The Tsuaru warrior manages a stab. It’s reckless but succeeds in felling one of the Ymbal who have him trapped and cornered with flames gently licking at his back. Thankfully these flames are quite unlike those which afflicted the Ymbal he ended with a slash to the throat. Were they not Dyag would be burning in his armour, skin turning to blisters in response to searing heat. Yet, to say this is markedly better would be fallacy for the heat is making his eyes water, blurring his vision and sapping his energy levels. He needs out of the corner but it is doubtful the Ymbal closing in cautiously will afford him such a boon. They want him cornered, suffering and out of sorts so they might deliver killing blows. Likely they will all take part; to be sure he is dead. He cannot blame them for that but continues to loathe them for their dishonour.

One Ymbal comes in a tad quicker than the others. Dyag blocks, parries and counters. The enemy’s life is ended in a flash. The Tsuaru is forced to suppress a smile when the remaining Ymbal pause. A shouted order again in that tongue Dyag does not understand follows from what he assumes is their commanding officer. He, thus far, does not take part in this ‘fight.’ Rather, he keeps to the periphery. Perhaps he does not see reason to engage with the odds so sorely stacked in his warriors favour. It is a rare glimpse at honour the Tsuaru had not been expecting and yet this same commander is the one who ordered all these Ymbal against him, quite the dishonourable deed.

These thoughts are enough of a distraction for the orange eyed man with the shaved head, as is common for Tsuaru warriors, to react too late to a slash unleashed at head level. Nevertheless the Tsuaru makes attempts to evade the strike. He nearly succeeds, save for the tip of the wide Ymbal blade which nicks and cuts his left cheek. The sting is instantaneous. If he were not in the heat of battle Dyag would react but he is and so does not. To do so, after already having being lured to wounding as a result of his thoughts, would likely be the end of him. And so he redoubles his efforts. Ymbal come at him. He batters them back to make them understand they are fighting no novice but a full warrior of the Tsuaru tribe. They quickly learn and adapt, though not before losing another couple of their number.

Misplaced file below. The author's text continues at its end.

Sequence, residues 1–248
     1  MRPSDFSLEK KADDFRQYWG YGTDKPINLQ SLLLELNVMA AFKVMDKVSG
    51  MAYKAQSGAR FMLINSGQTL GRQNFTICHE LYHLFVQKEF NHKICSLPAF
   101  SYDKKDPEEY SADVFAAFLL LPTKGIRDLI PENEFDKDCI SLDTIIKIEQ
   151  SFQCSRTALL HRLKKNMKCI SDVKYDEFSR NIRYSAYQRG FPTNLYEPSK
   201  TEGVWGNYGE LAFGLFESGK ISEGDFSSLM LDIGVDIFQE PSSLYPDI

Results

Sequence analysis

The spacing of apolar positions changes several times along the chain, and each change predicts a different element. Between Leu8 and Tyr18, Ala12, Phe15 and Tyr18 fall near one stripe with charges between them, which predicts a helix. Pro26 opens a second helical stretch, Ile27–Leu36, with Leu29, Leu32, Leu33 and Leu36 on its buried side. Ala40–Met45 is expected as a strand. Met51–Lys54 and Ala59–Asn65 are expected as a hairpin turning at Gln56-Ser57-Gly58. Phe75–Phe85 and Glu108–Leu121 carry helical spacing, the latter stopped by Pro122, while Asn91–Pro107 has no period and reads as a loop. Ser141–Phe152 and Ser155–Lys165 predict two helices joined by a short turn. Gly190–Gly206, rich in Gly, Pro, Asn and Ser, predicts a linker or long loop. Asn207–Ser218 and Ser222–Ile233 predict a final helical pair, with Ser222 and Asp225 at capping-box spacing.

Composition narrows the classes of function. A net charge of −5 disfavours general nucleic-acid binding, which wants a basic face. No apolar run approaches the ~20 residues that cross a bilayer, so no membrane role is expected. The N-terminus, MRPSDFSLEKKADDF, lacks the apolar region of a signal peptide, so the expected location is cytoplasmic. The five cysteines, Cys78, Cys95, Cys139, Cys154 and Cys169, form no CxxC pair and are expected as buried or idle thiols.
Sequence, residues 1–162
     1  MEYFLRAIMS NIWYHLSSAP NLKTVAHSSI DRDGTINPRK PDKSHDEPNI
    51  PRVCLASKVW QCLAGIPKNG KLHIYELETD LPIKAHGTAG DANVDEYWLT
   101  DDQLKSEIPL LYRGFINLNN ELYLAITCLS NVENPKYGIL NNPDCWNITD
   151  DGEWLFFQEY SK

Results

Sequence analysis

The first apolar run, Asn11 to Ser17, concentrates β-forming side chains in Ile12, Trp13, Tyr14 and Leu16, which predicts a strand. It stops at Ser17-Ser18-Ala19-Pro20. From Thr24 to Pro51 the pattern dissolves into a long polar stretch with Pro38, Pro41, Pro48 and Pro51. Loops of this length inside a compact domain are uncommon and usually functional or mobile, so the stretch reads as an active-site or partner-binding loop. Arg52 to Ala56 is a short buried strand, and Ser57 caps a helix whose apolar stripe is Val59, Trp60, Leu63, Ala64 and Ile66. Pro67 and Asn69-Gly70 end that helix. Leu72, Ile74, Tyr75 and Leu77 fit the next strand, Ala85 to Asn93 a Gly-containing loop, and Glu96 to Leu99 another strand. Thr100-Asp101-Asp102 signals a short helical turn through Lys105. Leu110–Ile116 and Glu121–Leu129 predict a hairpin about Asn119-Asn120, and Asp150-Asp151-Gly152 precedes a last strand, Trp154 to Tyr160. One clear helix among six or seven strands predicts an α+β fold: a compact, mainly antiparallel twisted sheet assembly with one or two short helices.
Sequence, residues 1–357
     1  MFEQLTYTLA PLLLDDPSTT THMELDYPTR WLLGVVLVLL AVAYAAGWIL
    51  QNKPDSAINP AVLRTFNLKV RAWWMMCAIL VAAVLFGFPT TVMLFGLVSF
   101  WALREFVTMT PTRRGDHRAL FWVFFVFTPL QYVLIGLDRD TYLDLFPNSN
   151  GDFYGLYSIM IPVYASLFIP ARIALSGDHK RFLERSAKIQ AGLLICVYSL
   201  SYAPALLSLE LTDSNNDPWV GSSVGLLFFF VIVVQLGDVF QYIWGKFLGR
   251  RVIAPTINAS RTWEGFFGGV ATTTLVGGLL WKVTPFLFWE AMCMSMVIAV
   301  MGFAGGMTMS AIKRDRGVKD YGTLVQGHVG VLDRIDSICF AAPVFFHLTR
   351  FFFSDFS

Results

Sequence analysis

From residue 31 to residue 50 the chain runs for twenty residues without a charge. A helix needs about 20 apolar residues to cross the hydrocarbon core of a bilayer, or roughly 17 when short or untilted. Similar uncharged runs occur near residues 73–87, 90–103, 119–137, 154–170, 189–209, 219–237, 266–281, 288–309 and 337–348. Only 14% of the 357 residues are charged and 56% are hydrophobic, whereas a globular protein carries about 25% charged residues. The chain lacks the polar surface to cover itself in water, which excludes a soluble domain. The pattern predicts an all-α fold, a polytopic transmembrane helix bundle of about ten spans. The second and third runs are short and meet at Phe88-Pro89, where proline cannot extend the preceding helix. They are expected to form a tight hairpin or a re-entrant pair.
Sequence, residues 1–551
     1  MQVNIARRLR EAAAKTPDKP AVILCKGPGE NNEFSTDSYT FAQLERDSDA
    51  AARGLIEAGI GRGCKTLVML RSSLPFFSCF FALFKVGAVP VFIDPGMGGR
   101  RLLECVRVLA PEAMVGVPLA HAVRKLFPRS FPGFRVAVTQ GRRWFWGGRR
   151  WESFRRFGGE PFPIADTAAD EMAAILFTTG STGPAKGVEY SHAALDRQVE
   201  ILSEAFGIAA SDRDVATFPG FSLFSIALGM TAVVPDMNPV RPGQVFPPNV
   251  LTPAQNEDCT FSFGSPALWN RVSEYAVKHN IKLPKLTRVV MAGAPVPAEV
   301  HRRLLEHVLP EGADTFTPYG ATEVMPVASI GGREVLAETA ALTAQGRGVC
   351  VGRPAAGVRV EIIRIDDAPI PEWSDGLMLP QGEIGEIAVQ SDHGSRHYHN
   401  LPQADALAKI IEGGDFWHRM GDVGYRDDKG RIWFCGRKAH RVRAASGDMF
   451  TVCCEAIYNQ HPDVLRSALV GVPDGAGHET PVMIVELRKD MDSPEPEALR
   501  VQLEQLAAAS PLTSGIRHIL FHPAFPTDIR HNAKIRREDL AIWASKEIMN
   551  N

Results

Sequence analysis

To replace the losses suffered the Captain finally steps forward and enters the fray. Sword drawn he is a hulking beast in his armour and fights like one too. Leading the charge he serves as the brunt of the attack while his remaining warriors add swift follow-ups meant to keep Dyag off-balance and on the defensive. It works surprisingly well the Tsuaru has to admit. Then one Ymbal leaves themselves open. Dyag goes on the offensive seeing the opportunity. Sadly the Captain saw the chance too and closes the opening, delivering an elbow to his enemy’s unshielded face. Dyag regrets, in that moment, being devoid of his helmet and face mask but is forced to respond to a swift follow up stab aimed at his side. Regrettably, the Tsuaru finds the Ymbal too close to block and suffers a gaping wound which he cannot help but react to with the issuing of a pain filled cry from his previously pursed lips.

The Ymbal Captain smiles, his men descend with fists and feet. They pummel Dyag to the floor but somehow he manages to keep a hold of his sword as they drag him away from the flames and to somewhere devoid of fire. He was not aware there was a part of the ‘arena’ that lacked roaring flames and is confused but expects a sword through the chest will be his fate before long. It is not. Rather, the Captain mutters some words the Tsuaru does not understand in this barely functional state and then is shoved, by foot, off an edge.

Air rushes past Dyag; he takes a breath and accepts impending death.

One thought on “Simarachi’s Shadow

Leave a Reply

Fill in your details below or click an icon to log in:

WordPress.com Logo

You are commenting using your WordPress.com account. Log Out /  Change )

Google photo

You are commenting using your Google account. Log Out /  Change )

Twitter picture

You are commenting using your Twitter account. Log Out /  Change )

Facebook photo

You are commenting using your Facebook account. Log Out /  Change )

Connecting to %s

%d bloggers like this: